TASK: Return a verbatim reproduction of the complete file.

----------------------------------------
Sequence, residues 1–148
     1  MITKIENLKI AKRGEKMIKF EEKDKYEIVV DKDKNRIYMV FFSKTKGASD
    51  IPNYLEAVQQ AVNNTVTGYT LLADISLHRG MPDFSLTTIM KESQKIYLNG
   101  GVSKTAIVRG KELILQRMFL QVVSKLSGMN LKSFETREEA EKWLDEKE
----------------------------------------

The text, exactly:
Sequence, residues 1–148
     1  MITKIENLKI AKRGEKMIKF EEKDKYEIVV DKDKNRIYMV FFSKTKGASD
    51  IPNYLEAVQQ AVNNTVTGYT LLADISLHRG MPDFSLTTIM KESQKIYLNG
   101  GVSKTAIVRG KELILQRMFL QVVSKLSGMN LKSFETREEA EKWLDEKE